Amazon’s note-taking Kindle Scribe has fallen to one of its best prices to date

Views: 41
Read Time:2 Minute, 11 Second

If I were to venture a guess, the desire to read more books is right up there with getting fit, saving money, and eating healthier when it comes to the most common New Year’s resolutions. Fortunately, if you are hoping to up your literary ambitions in 2024, the Kindle Scribe is on sale at Amazon for Prime members with 16GB of storage and a Basic Pen starting at $269.99 ($70 off). You can also pick up the e-reader in the same storage configuration with a Premium Pen, which features a shortcut button and a built-in eraser, starting at $294.99 ($75 off).

When we reviewed Amazon’s 10.2-inch e-reader upon its release, the big-screen slate was somewhat lacking in both the features and software departments. Note-taking rivals like the Kobo Elipsa 2E and Remarkable 2 were simply more capable (and intuitive), though Amazon has steadily unleashed a series of iterative updates over the past year or so to make it more competitive. You can now convert handwriting into typed text and write on pages, for instance, and the Kindle Scribe now offers far more organizational tools to help you sift through and share content. The big selling points remain the ebook reader’s battery life — which is great for an e-reader this big — and its bundled stylus, which lets you take digital notes and doodle whenever you’d like.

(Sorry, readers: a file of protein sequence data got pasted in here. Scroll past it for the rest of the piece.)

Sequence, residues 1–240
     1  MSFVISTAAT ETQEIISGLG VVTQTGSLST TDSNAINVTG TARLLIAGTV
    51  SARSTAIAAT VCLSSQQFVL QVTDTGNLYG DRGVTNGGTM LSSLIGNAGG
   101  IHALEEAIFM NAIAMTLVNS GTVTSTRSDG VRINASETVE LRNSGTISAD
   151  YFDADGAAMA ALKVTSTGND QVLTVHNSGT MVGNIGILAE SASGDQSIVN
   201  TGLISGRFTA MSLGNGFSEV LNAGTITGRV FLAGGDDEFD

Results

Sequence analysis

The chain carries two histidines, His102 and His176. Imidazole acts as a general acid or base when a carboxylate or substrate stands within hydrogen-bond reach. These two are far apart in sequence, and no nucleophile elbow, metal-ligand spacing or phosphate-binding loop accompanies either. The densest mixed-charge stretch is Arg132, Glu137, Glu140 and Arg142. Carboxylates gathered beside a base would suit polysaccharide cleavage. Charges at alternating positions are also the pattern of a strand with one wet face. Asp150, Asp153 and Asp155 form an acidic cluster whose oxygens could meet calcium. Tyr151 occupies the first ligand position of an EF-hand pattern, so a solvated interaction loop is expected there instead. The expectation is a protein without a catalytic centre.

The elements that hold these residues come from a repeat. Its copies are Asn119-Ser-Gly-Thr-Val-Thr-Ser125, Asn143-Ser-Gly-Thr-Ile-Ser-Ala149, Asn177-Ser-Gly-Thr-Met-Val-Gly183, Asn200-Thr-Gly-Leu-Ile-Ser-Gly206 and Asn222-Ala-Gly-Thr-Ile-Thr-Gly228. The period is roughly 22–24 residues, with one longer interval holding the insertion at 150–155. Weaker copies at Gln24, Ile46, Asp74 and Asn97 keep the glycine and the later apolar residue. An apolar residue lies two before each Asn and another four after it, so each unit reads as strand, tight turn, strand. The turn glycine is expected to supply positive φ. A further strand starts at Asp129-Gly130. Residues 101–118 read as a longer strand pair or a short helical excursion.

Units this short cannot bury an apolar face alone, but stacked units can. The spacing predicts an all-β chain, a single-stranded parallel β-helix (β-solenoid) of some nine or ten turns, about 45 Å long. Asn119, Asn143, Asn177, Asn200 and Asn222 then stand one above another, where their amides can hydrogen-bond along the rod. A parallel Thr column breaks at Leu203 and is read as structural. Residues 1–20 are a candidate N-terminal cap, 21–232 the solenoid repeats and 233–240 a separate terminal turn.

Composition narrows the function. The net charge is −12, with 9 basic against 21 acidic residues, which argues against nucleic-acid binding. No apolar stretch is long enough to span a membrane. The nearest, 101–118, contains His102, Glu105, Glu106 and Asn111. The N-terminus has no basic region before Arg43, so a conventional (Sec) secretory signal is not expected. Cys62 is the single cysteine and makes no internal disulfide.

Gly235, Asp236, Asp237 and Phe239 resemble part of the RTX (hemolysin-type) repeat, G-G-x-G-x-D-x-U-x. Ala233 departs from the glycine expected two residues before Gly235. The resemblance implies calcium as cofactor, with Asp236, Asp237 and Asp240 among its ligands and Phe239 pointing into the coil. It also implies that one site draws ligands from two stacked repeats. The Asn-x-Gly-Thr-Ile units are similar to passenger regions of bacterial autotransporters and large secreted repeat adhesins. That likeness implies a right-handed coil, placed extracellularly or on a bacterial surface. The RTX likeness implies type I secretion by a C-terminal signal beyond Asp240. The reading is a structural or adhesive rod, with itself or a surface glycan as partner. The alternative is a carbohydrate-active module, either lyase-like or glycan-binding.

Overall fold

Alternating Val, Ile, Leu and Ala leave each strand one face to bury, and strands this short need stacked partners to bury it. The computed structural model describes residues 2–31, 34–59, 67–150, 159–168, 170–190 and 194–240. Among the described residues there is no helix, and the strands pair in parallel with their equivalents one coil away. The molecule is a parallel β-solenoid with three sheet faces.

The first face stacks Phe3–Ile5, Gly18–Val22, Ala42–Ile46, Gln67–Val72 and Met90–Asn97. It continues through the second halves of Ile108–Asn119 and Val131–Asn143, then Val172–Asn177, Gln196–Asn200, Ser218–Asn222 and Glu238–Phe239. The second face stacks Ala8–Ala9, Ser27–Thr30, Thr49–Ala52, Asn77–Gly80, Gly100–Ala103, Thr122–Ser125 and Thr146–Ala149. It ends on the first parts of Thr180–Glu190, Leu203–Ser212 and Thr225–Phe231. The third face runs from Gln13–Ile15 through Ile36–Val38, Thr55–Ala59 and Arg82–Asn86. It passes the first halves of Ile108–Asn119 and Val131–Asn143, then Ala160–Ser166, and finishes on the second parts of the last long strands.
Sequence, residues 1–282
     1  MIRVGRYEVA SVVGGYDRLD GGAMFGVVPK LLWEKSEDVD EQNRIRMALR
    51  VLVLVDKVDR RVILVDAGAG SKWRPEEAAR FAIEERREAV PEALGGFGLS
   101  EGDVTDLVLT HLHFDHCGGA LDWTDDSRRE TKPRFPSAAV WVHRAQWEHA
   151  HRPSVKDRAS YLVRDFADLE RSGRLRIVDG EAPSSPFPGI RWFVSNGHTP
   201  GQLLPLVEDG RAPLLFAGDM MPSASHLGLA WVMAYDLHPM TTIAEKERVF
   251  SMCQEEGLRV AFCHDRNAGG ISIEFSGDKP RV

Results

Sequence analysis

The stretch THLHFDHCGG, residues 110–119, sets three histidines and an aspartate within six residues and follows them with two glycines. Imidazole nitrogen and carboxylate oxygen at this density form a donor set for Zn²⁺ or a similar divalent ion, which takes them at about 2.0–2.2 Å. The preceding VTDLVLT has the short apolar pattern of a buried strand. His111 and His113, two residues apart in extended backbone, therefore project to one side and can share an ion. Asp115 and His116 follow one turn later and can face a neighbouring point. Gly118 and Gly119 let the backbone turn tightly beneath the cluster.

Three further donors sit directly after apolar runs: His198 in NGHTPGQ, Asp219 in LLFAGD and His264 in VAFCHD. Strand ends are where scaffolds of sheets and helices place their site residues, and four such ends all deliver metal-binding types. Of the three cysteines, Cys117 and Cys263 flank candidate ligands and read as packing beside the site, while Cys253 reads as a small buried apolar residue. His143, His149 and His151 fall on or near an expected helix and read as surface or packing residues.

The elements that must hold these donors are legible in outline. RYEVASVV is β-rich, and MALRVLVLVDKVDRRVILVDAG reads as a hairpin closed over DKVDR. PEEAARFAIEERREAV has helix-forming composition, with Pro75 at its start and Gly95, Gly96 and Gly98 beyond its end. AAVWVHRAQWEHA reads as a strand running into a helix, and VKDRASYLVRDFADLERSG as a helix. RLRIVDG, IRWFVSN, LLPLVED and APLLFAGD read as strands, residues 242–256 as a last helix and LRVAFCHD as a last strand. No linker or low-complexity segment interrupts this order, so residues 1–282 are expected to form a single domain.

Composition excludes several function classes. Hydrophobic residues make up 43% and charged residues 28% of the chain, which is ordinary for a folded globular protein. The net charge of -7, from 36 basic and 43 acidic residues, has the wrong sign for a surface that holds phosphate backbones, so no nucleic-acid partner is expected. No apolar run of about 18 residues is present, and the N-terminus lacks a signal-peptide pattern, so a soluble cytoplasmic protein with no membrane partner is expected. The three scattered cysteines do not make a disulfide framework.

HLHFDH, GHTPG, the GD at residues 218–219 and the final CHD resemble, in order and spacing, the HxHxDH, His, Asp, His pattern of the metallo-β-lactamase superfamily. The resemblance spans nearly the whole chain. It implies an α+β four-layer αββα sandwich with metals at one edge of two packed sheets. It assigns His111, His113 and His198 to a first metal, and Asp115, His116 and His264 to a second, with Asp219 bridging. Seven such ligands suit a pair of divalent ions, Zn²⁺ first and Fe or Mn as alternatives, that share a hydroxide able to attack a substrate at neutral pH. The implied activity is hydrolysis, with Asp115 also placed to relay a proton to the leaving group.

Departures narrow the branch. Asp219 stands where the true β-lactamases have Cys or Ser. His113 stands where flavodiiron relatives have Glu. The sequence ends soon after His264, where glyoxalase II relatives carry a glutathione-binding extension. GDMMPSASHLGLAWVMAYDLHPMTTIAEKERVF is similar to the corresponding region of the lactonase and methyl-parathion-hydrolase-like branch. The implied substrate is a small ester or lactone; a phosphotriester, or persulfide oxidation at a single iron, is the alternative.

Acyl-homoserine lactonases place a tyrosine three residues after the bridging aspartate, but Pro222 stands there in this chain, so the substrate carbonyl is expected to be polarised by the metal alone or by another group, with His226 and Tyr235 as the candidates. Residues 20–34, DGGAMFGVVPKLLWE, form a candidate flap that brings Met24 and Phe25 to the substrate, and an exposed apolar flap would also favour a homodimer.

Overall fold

Apple’s next set of AirPods may be on the horizon, but if recent leaks are to be believed, we’re not likely to see a new pair of the AirPods Pro until at least 2025. Fortunately, the second-gen AirPods Pro with USB-C are on sale at Amazon, Walmart, and Best Buy right now starting at $189 ($60 off), matching their best price to date.

Ever since the debut of the original AirPods Pro in 2019, Apple’s noise-canceling earbuds have been the go-to pick for many iPhone users. The second-gen model offers swipe-based controls, more refined sound, and superior noise cancellation when compared to Apple’s first-gen buds, while retaining ecosystem tricks like support for head-tracking spatial audio, Find My integration, and audio sharing. The newest iteration, which launched in September, added dust resistance and a USB-C charging case to the equation.

They’re a pretty subtle upgrade overall, but even I — someone who has enough charging cables to fill a laundry basket — can’t deny the appeal of being able to charge my phone and earbuds with a single cable. I just wish Apple had done it sooner.

Scroll to Top